Summer Food Course Photos 2010

Summer Food Course Photos 2011

Summer Food Course Photos 2012

Welcome to this site, all interested in resilient farming!

Welcome to this site, all interested in resilient farming!

The postings most appropriate for you have the label, "Resilient Farms."



Monday, February 15, 2016

San Miguel de Allende

This few days in San Miguel de Allende have been a perfect blend of learning and teaching. First up, the 11th annual San Miguel de Allende Writer’s Conference and Literary Festival was a terrific mix of excellent faculty, stimulating keynotes, and interactive writing practice. Lessons learned about: Powerful storytelling (verbs, verbs, verbs), compelling writing (ending each paragraph with the reader wanting to know, what’s next?), and seamless narrative (the reader wants surprises, but not unbelievable ones). All are course- and life-lessons for my students (yes, even those in ENVS 319!).


Gail Sheehy, author of 17 best-selling books

Second, I have had the opportunity (in one day) to visit Mexico City’s museums and palaces – treasure trove of histories of Mesoamerican culture, the legacy of colonialism, and independent polities today. This was followed by a brief tour to Guanojuato, the area referred to as the birthplace of the early Mexican revolution.

Third, this was an important reconnaissance for the “Geographies of Hope” program March 19-26. What follows are images of lodging, excursions, setting, and foods – to whet the appetite of the travel- and information-hungry students who will be joining me on this adventure.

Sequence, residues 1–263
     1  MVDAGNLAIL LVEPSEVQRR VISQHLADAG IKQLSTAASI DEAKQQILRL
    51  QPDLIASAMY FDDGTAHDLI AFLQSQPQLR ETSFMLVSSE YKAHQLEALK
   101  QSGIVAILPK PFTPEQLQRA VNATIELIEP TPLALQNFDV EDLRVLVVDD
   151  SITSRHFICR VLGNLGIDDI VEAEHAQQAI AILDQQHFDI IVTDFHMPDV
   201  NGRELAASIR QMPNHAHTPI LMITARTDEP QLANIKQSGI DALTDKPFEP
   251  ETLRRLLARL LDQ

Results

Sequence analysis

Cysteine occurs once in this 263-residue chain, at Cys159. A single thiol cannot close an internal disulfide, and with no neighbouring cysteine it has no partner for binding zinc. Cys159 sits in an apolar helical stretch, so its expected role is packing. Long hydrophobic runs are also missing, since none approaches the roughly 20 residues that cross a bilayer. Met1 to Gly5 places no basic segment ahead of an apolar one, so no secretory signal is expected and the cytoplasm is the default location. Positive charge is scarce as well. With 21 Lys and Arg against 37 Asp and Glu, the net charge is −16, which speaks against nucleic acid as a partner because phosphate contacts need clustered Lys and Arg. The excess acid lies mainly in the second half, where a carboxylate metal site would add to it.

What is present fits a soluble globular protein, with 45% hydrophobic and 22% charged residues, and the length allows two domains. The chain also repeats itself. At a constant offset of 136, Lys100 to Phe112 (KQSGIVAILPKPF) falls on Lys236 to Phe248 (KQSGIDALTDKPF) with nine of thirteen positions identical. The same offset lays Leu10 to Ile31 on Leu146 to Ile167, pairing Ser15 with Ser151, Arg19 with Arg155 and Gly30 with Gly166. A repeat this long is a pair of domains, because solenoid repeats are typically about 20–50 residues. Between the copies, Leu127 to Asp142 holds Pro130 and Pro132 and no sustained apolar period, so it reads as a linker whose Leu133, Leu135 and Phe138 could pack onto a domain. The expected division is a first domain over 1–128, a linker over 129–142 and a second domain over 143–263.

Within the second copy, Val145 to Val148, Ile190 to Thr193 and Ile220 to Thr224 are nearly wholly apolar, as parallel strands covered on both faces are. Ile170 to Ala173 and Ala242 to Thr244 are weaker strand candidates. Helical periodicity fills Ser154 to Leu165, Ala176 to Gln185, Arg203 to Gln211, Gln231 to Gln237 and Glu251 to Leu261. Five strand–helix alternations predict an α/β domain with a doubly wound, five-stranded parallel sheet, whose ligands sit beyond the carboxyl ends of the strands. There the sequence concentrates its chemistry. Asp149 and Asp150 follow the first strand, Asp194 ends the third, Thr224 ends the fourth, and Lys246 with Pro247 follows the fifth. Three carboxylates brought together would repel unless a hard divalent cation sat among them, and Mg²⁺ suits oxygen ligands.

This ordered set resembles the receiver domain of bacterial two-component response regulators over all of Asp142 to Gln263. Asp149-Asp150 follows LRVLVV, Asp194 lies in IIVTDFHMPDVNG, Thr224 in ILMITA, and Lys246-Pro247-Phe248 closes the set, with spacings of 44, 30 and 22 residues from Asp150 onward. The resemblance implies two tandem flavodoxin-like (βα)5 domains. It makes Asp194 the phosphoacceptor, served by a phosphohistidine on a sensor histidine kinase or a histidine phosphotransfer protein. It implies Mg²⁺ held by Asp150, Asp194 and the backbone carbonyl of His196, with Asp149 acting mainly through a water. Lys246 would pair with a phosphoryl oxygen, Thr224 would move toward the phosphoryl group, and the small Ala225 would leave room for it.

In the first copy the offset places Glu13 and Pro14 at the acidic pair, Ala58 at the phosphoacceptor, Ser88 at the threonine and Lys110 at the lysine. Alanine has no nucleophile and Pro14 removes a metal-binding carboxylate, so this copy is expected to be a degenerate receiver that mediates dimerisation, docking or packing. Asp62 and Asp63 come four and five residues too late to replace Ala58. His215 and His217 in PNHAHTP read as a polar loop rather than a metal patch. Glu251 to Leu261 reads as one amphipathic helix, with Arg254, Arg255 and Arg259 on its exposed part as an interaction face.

Wednesday, February 3, 2016

Candlemas, Candeleria, Imbolc, Persephone, Groundhog Day -- February 2

February 2 is the first day of spring in many traditions! I celebrated this year by attending a very beautiful service in Everson, WA -- where candles were display. Typically, this was the time of year when people melted down old and odd bits of candle to make new candles -- my children did this when they were younger. Here, a picture of hundreds of beautiful candles made by a friend to mark this first day of spring, and, a year full of light.




For me, I celebrated with thoughts of good cheese -- here, an unveiling of a new work. New-old, if you consider the age of the molds.
 Delicious! (underneath the rind, of course)

Thursday, January 21, 2016

Nourishing Foods

Here, homemade liver pate and roasted potatoes
 At the beginning of the school year, in September -- a feast of cheese, with our dried plums -- cheeses have been aged for some time. But, as I learned in France, the fresher, the better (almost)

Mozzarella supreme

I make cultured mozzarella, but in this picture, you can see a kind of hybrid long method-less long method -- with citrus acid (I use lemon juice) added to increase the acidity. Critical to achieving a good mozzarella "stretch" is the appropriate pH. Recipe from Mastering Artisan Cheesemaking by Gianaclis Caldwell. Unsalted version.


Thursday, November 19, 2015

Lovely Chèvre




Pretty little Deruta dish, with the creamy goat cheese, from Jewels and Fauna
This beautiful chevre has a unique texture – neither creamy nor overly dry. I milk into a pail or cup and then empty the milk into a ½ gallon jar that already has a minute bit of culture in it (about 1/16 tsp for a ½ gallon jar). The temprature of the milk (directly from the goat) is in the 80s, beautifully warm. The action of the cultures is immediate – in the digestion of sugars and the raising of the acidity. It will take the rennet to coagulate the solids and the cheesemaker to then separate the curds from the whey, producing the moist, chunky chevre in this image. The tiny cup is from Deruta in central Italy’s Umbria – the “real” home of such pottery.